Those expedition members who returned reported that they had once again traveled to Terra Verde. Scholars believe that the explorers may have revisited the island of Newfoundland or sailed to the coast of what is now Labrador and headed south. The expedition members did capture fifty-seven Native Americans, whom they brought back with them and presented to the king, probably to prove that they had indeed reached Asia. It is believed that the Indians were members of the Beothuk tribe. King Manuel was pleased to learn that the new land, with it large forests and Indian inhabitants, would be a good source of timber for shipbuilding and a source of slaves.
Miguel sets sail to find lost brother
It was reported that Gaspar and his ship had continued to sail farther south along the coast, in order to reach China. Miguel obtained permission from the king to lead his own expedition across the ocean in search of his brother. He left Lisbon with two vessels in May 1502 and reached the site of the present-day seaport of St. John's in southern Newfoundland on June 24. The ships separated in order to look for Gaspar and his men, and were to reunite at St. John's in late August. But the flagship commanded by Miguel never appeared, and the remaining vessel returned to Portugal. King Manuel refused permission for the third Corte-Real son, Vasco Annes, to launch an expedition to look for his lost brothers.
No definite trace of either of the Corte-Real brothers has ever been found. But a large sandstone boulder located at the mouth of the Taunton River near present-day Dighton, Massachusetts, may hold a tantalizing clue. Covered with a mysterious jumble of Native American drawings and English inscriptions, the Dighton Rock—measuring about four by ten feet—has puzzled observers for centuries. Edmund B. Delabarre of Brown University made a detailed study of the rock early in the twentieth century, and was certain he could make out a Portuguese coat of arms among the letters and figures, as well as a memorial statement about Miguel, dated 1511. It supposedly read: "Miguel Cortereal by Will of God, here Chief of the Indians." It was Delabarre's theory that Miguel, shipwrecked somewhere near New England, had made his way to the mouth of the Taunton River, where he had became chief of the Wampanoag Indian tribe. His death in 1511 had then been recorded. While other scholars have found Delabarre's interpretation of the boulder's markings questionable, Portuguese-Americans are nonetheless proud of Dighton Rock, considering it proof that their ancestors were in New England more than a century before the pilgrims of the Mayflower.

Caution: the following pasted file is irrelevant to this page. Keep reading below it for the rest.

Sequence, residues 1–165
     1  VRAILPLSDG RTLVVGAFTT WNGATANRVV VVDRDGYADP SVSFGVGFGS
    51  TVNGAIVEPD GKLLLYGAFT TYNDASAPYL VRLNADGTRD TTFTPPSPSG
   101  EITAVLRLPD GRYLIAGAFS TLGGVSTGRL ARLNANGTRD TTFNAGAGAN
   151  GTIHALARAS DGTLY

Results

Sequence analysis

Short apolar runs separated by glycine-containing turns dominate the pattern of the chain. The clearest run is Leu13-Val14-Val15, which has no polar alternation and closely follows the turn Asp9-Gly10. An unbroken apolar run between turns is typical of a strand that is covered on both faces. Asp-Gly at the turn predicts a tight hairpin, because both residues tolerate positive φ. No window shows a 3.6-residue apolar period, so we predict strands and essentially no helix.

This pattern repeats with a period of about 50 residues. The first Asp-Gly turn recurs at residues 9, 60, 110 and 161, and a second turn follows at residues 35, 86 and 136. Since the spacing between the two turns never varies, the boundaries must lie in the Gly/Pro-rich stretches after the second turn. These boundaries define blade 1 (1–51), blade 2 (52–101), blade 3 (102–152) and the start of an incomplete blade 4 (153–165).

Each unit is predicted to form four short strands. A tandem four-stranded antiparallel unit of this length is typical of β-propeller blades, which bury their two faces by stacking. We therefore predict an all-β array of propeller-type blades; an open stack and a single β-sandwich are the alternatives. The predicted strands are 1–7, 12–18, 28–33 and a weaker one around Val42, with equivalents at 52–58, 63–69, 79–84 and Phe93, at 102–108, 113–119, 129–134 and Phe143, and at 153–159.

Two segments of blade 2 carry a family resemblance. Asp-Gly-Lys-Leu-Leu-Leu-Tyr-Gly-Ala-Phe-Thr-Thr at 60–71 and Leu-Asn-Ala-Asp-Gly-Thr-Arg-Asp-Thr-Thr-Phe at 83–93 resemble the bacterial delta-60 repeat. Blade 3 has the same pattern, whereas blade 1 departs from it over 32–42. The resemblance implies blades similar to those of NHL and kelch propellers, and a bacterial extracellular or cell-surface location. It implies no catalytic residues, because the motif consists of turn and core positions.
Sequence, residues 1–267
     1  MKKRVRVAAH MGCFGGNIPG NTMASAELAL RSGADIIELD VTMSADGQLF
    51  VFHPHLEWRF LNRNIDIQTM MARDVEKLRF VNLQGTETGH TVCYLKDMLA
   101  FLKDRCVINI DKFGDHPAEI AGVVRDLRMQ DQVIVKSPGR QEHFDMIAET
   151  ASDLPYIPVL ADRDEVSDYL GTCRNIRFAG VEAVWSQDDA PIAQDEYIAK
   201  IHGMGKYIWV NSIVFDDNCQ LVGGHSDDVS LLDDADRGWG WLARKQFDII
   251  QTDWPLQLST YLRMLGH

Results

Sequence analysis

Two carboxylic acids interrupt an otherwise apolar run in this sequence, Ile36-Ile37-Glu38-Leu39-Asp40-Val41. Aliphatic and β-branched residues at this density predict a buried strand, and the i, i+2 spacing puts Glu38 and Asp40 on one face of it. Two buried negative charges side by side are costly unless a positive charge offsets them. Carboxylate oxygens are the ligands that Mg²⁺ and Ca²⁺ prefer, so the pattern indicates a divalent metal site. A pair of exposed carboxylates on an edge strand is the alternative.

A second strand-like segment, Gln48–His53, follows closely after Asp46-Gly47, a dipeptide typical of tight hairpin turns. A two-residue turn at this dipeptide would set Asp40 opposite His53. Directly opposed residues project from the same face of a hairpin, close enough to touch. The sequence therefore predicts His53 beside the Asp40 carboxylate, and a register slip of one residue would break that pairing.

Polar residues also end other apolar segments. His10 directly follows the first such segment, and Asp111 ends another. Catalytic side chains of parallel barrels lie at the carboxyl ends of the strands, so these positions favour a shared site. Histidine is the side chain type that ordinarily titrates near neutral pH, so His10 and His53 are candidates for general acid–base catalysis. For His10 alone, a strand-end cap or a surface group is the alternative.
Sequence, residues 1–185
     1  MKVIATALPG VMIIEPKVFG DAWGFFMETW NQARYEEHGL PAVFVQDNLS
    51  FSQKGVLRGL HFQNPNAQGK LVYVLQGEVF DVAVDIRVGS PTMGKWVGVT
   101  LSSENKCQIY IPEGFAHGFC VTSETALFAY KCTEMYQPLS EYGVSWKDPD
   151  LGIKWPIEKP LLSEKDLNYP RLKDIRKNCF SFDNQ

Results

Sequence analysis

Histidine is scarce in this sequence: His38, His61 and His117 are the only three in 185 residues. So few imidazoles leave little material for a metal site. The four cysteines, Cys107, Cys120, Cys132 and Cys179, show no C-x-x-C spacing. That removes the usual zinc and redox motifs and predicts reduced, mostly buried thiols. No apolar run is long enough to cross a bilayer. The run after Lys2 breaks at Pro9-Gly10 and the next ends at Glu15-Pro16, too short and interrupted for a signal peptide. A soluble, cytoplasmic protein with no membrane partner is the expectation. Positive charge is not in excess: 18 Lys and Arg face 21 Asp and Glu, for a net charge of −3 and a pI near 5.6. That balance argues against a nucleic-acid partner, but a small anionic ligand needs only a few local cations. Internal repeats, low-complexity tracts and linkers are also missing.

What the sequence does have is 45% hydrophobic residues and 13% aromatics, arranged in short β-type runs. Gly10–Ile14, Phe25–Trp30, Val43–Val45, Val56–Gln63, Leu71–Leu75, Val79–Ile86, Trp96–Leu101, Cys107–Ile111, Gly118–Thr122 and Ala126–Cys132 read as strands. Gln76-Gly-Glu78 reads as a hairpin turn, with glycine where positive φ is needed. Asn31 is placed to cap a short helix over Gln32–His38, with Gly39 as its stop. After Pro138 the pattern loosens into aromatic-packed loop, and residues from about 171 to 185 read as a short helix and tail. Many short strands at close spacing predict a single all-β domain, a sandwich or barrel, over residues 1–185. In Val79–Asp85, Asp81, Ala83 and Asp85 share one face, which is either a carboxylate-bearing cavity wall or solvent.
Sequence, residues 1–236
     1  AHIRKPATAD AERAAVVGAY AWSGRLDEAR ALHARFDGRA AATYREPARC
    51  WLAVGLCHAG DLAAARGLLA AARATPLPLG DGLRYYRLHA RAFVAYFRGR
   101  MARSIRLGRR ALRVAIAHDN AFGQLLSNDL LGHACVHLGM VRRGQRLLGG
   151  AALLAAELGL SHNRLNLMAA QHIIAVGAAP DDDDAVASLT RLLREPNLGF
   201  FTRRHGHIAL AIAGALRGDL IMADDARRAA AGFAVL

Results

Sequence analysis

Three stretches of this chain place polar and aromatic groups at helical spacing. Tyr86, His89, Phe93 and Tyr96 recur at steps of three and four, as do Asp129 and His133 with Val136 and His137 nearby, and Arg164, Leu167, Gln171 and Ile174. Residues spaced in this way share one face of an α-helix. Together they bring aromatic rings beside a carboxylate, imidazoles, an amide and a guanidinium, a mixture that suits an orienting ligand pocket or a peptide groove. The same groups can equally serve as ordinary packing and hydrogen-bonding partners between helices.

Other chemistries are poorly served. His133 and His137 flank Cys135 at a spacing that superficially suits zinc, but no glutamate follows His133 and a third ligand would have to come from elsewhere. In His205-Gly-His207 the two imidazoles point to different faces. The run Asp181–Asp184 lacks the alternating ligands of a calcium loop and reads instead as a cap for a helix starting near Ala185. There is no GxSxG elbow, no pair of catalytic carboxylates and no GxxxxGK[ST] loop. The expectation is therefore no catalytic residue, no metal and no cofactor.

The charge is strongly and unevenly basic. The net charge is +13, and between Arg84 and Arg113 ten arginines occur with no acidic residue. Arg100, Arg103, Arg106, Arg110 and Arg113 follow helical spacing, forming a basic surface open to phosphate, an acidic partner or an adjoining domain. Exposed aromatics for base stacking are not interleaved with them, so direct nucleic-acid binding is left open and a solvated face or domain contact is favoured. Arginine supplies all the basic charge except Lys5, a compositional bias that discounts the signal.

While the Corte-Real brothers had failed in their attempts to find a new route to China, they had undertaken some of the first voyages across the North Atlantic Ocean since the days of the Vikings (from the ninth to eleventh centuries) and had reached the North American mainland. Although their ill-fated journeys discouraged the king of Portugal from planning more explorations of North America, Portuguese fishermen would later visit Newfoundland waters to catch codfish, which would become an important item in the national diet. Cod-fishing would also become an important industry for Portugal, contributing significantly to the nation's economy.
- Baker, Daniel B., ed. Explorers and Discoverers of the World. Detroit: Gale Research, 1993.
- Morison, Samuel Eliot. The European Discovery of America: The Northern Voyages, A.D. 500-1600. New York: Oxford University Press, 1971.
- Waldman, Carl, and Alan Wexler. Who Was Who in World Exploration. New York: Facts on File, 1992.